I am truly excited for 2018, and hope anyone else, even if you’re like me and have tried and not quite succeeded in the recent past, will join me in harnessing the new year motivation and inspiration! May as well start now, because then we will be started!

The Addiction to the Process

I was watching an older Intervention episode last night where the addict said she also finds she’s addicted to the process of getting high: acquiring the drugs, preparing them, tying up her arm, shooting up, etc., and I felt like that was really observant and self-aware. And I started to wonder what processes I’m addicted to. I have found there’s a process for me to get ready to workout. Some days I can jump right in. Others, I have to research my videos, select just the right one, find the right clothes, etc.

Now I’m NOT comparing exercise to the true addiction of heroin. But I do think part of what I love is getting everything setup. The anticipation of the workout is exciting, too. I spent a few hours today poring through workout attire, and bought some new tops, bottoms, sports bras and even heavy cover ups if I ever get back into running or walk during these colder months. Sometimes not having everything just so stops me from starting that workout, or even simply going for a walk. This way, clothes are always there.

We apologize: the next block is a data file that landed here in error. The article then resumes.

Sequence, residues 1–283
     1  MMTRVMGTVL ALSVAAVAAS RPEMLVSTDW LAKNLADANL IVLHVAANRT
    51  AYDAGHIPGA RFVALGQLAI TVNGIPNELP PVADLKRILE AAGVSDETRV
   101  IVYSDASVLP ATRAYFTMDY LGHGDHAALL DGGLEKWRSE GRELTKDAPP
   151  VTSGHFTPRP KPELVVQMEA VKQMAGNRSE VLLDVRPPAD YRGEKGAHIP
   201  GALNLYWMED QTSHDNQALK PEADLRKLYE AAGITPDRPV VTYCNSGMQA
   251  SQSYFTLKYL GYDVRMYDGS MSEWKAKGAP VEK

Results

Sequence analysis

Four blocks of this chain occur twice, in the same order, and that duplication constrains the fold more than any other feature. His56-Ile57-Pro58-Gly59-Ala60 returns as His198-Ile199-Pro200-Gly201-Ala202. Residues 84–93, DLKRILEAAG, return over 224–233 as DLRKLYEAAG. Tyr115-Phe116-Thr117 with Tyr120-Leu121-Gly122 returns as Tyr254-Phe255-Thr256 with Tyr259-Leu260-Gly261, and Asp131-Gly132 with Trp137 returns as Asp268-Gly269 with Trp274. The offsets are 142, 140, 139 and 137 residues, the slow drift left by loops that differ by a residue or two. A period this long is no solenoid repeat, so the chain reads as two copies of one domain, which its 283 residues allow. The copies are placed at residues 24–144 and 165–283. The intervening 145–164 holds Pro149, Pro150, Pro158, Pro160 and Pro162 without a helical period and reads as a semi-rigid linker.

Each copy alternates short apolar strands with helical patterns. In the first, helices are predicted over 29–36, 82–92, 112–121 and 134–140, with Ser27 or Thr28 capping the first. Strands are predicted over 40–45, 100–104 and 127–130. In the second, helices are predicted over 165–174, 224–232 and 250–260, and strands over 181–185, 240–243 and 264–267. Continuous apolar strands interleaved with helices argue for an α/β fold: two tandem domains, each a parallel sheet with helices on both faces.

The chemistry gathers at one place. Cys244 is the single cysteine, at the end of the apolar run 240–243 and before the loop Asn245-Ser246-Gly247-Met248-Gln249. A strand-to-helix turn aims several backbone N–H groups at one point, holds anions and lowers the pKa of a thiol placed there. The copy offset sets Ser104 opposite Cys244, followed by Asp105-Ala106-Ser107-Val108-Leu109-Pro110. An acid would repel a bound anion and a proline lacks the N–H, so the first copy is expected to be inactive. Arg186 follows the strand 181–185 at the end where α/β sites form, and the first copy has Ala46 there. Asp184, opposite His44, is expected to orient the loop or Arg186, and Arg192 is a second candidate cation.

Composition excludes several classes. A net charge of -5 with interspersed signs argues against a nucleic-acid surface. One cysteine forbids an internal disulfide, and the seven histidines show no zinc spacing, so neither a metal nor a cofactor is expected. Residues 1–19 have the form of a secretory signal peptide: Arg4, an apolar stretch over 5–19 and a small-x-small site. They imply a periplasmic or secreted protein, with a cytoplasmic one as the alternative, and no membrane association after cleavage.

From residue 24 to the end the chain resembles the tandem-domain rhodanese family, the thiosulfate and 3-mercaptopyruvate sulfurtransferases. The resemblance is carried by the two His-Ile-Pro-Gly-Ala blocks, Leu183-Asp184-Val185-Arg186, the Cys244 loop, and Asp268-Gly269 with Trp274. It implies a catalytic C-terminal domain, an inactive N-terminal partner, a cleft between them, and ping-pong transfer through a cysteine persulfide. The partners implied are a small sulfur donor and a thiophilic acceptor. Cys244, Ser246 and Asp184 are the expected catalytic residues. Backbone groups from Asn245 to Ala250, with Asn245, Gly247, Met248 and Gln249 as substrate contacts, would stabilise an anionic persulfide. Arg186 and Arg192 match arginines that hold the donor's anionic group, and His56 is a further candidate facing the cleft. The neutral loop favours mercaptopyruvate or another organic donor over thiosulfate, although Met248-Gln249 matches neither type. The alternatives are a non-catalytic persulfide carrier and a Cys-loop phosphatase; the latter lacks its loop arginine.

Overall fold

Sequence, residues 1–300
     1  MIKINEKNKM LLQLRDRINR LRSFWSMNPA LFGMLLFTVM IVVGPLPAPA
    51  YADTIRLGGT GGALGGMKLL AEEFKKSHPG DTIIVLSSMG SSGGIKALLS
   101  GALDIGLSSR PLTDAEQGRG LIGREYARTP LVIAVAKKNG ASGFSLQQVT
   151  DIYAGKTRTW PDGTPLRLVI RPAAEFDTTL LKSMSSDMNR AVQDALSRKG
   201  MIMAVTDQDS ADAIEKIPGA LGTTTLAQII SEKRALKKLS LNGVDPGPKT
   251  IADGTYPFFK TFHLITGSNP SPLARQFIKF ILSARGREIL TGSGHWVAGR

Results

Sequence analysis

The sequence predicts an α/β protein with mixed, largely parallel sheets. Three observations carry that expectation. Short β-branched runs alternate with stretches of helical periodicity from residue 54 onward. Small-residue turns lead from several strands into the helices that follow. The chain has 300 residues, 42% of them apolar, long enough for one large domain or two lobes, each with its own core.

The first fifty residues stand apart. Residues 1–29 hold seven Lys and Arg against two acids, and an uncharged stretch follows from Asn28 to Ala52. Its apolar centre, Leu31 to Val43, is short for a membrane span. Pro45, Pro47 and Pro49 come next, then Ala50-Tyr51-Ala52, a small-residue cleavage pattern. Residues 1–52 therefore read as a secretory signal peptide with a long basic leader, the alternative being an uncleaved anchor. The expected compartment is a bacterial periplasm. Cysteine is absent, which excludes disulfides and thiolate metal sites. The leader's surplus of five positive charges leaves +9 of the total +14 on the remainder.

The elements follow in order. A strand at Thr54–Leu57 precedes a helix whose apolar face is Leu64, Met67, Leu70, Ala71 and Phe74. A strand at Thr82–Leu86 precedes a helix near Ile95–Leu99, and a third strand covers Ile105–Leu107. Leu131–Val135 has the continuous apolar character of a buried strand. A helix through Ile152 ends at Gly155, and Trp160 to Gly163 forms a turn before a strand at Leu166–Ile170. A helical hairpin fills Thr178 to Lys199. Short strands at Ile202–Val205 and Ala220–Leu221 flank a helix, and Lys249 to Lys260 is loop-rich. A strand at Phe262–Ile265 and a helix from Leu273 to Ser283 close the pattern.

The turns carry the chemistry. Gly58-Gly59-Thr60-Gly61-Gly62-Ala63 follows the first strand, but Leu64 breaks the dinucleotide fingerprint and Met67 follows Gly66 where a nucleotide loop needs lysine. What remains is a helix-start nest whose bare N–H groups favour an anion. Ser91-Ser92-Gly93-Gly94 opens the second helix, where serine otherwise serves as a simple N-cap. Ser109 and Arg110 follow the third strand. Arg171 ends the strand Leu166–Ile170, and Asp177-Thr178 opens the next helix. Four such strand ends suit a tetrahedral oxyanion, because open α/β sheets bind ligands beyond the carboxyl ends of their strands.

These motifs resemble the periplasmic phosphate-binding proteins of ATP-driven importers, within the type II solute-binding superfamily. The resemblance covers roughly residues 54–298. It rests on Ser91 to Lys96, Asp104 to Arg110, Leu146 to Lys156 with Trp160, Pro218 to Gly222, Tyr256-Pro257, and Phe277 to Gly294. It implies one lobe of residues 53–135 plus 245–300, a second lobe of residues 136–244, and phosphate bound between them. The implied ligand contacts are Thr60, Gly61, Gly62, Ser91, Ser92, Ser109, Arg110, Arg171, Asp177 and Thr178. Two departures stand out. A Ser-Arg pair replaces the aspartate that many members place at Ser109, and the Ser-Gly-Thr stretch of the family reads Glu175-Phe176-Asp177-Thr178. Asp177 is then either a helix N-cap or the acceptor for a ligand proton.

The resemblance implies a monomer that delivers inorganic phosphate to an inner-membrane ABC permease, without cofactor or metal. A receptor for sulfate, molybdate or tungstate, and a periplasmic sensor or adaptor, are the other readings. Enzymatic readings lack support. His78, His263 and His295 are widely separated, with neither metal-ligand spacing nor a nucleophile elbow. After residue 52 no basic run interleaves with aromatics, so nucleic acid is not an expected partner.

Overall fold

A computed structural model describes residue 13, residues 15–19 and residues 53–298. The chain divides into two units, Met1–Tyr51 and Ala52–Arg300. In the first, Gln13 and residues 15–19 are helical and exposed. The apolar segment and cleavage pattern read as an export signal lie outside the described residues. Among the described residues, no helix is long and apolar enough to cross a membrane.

I’ve also tried to spend some time sorting my workout DVDs so I know what kinds they are, length, and even will start rating them. As I posted yesterday, I wrote a workout rotation to hopefully cut down on so,e of the exercise choice issues I’ve had. Now some additional workout clothes and sorted out dressers will stop me from hunting for the right clothes, or not working out because I haven’t done laundry. I did the same thing with additional socks last year. Just having more socks increased the frequency of my walks.

I’ve also found there’s something exciting about reading about or discussing workouts with others that gets and keeps me motivated. In the early 2000s, when I was most motivated working out, I was on a very active workout board. Now with Facebook, it’s much harder to be anonymous, and I miss the ability to be more open, so I connect less. But that full circle is part of what makes working out fun for me. When I talk to other friends about the workouts I love (mostly The Firm and a few Cathe), my IRL friends recommend workouts at the Y or other video workouts that are more trendy.

But I’ve found simply talking a little here, even into a void, is very motivating for me. It’s part of the process, and the process can me as much fun as the high of doing.